The raid

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It is a June morning in a Twin Cities suburb. The young couple has dropped the children off at the babysitter’s house. They are on their way to work. Then vans with flashing police lights block in their car, front and back, and ICE (Immigration Control and Enforcement) agents jump out, guns drawn. They had been watching the house, following the car. They wanted this couple, this mother and father, wife and husband. Handcuffs. Jail.

“Police,” the man at the door told an 11-year-old who answered the door at another home in January. They told his mother they were searching for a gang member, a criminal. They were not. They were ICE agents looking for undocumented immigrants to deport. In this home, they struck out – the mother and son, like most Latinos living in Minnesota, were U.S. citizens. (Most immigrants in Minnesota are citizens or legal permanent residents.)

Shakopee. Blaine. Minneapolis. Farmington. May. June. July. August. Immigration arrests continue, and fear builds, as ICE targets people who have lived in the United States for years. La redada – the raid. Whenever and wherever it comes, la redada spreads fear far beyond its actual targets.

ICE came for the Bloomington family in May. They had worked hard, owned a home, belonged to a church. They had to leave, taking their U.S. citizen children to a “home” in Mexico they had never seen. In their church and community, fear spreads. Who will be next? What plans should families make for their homes, their cars, their children?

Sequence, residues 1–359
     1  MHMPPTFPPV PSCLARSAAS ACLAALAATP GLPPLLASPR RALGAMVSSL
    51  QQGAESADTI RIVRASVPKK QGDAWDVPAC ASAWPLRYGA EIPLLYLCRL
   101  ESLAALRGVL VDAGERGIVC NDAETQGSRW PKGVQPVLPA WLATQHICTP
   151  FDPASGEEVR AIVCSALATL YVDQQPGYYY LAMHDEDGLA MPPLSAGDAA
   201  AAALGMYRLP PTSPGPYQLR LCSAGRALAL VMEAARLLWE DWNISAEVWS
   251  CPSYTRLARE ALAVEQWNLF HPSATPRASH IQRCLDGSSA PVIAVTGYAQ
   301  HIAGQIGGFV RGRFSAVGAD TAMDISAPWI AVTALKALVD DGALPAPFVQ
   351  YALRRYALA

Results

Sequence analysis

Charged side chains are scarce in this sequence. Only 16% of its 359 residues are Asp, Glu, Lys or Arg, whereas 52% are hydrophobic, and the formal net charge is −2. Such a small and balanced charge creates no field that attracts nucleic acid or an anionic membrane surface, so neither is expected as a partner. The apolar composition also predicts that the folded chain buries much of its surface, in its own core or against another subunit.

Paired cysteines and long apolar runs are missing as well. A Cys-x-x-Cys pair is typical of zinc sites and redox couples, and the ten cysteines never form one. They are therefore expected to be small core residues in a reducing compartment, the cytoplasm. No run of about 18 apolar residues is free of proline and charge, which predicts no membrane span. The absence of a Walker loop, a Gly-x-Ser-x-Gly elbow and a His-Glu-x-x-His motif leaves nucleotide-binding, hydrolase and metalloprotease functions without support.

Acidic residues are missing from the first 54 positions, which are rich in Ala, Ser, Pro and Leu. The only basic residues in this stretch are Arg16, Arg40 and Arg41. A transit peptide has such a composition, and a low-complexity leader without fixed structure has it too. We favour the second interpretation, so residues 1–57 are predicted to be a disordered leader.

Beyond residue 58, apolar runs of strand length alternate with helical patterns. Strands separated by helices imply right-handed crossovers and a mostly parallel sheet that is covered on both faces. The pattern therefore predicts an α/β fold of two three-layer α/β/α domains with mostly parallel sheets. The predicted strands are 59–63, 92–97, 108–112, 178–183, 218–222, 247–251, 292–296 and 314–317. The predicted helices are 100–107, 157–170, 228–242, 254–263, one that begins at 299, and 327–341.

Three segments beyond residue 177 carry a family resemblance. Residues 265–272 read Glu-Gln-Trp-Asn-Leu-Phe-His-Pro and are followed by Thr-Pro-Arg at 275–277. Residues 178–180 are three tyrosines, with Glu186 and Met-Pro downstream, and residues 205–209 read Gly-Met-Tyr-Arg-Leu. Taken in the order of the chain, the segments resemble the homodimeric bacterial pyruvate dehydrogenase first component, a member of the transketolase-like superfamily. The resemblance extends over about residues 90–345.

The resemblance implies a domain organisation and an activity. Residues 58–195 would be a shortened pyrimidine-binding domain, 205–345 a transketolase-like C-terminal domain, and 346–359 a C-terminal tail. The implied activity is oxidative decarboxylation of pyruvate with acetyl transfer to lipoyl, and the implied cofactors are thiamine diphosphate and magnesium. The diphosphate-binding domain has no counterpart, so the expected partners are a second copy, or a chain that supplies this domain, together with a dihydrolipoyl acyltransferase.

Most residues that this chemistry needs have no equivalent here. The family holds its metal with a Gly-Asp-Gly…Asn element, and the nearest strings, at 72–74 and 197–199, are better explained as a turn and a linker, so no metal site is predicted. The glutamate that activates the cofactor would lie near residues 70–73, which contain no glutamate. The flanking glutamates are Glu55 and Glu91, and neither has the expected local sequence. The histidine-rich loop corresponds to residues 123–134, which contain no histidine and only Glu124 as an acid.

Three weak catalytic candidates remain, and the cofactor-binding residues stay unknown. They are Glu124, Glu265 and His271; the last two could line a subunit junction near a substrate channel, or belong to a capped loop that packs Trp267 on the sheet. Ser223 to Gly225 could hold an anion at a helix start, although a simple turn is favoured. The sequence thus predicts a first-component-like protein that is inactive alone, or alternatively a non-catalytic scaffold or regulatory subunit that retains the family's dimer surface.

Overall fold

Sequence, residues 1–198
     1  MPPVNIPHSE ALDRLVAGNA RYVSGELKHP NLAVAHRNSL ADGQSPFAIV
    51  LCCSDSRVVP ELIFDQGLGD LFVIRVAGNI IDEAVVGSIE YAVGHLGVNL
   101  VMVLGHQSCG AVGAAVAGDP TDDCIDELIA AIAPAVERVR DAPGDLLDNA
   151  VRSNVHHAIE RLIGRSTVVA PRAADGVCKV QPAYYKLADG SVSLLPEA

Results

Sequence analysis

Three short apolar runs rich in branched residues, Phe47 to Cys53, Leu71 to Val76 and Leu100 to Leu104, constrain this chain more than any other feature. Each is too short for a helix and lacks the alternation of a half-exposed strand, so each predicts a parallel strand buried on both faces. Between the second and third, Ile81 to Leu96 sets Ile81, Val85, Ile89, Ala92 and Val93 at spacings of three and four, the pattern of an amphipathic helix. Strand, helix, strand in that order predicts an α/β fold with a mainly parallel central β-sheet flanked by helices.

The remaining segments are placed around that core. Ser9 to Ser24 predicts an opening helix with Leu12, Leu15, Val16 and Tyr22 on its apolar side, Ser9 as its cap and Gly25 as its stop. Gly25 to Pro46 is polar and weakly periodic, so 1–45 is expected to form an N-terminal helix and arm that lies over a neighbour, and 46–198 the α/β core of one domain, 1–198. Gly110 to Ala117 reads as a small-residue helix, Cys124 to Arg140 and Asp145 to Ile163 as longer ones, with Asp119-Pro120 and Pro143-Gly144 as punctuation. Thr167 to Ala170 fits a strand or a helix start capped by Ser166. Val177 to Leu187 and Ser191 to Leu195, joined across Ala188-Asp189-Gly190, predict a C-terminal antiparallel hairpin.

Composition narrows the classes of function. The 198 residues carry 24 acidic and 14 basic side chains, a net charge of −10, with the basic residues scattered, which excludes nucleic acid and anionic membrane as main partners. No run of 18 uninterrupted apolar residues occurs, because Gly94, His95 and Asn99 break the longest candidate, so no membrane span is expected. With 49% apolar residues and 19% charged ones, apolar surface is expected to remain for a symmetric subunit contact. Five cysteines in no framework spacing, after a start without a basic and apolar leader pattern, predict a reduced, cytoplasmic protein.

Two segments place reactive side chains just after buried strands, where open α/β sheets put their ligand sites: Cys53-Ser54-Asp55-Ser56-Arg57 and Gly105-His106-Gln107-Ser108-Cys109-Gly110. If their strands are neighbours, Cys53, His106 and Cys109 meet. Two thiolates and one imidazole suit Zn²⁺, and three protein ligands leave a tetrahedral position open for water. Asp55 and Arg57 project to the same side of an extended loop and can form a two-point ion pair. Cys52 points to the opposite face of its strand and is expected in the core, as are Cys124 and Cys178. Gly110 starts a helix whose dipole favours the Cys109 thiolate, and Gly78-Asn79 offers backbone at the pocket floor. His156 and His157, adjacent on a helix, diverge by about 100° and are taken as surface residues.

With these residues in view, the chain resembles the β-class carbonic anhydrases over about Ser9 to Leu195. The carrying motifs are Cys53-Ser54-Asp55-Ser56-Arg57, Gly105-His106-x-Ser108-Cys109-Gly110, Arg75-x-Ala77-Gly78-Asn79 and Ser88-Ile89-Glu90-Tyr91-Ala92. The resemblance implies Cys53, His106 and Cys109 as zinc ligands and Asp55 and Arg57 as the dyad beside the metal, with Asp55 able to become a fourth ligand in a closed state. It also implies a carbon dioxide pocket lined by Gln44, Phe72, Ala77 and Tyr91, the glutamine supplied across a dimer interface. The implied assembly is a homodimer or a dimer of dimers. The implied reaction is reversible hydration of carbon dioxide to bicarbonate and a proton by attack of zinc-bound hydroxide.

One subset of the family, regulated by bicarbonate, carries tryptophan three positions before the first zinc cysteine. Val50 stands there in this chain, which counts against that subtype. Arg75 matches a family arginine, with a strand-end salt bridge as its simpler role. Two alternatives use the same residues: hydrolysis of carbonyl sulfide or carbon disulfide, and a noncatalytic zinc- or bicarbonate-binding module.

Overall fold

In August, ICE descended on the Star Packaging factory in Whitewater, Wisconsin, arresting 25 workers. “”We have been living in the United States for 20 years,” protests a relative. “Our home is here, our job; we have children.”

Also in August, the Barreto family sat in jail in St. Paul. After seventeen years in the United States, they were being sent back to Mexico. Half the family, anyway – mother and father prepared to say goodbye to 16-year-old Jorge and 11-year-old Eric, their U.S. citizen sons. And to their church, their friends, the south Minneapolis community where they lived, the lives they had built since arriving in the United States as young adults with dreams.

Across the country, ICE now targets people with old deportation orders or expired voluntary departure agreements. Who among our friends lives with an expired TPS (Temporary Protected Status) document? Who among our children’s classmates has parents who, many years ago, crossed the border without documents? What family on our block or in our church has one documented, one undocumented parent? As ICE focuses on people who have lived here for years, fear builds in our communities.

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